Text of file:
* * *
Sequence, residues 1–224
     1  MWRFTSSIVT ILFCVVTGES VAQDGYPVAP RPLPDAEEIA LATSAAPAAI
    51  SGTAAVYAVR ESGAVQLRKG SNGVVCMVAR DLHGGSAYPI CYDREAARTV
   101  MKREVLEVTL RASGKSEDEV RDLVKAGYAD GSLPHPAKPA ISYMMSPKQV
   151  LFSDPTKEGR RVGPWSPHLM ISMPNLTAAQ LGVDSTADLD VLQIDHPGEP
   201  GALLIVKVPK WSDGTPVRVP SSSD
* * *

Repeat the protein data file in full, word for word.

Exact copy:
Sequence, residues 1–224
     1  MWRFTSSIVT ILFCVVTGES VAQDGYPVAP RPLPDAEEIA LATSAAPAAI
    51  SGTAAVYAVR ESGAVQLRKG SNGVVCMVAR DLHGGSAYPI CYDREAARTV
   101  MKREVLEVTL RASGKSEDEV RDLVKAGYAD GSLPHPAKPA ISYMMSPKQV
   151  LFSDPTKEGR RVGPWSPHLM ISMPNLTAAQ LGVDSTADLD VLQIDHPGEP
   201  GALLIVKVPK WSDGTPVRVP SSSD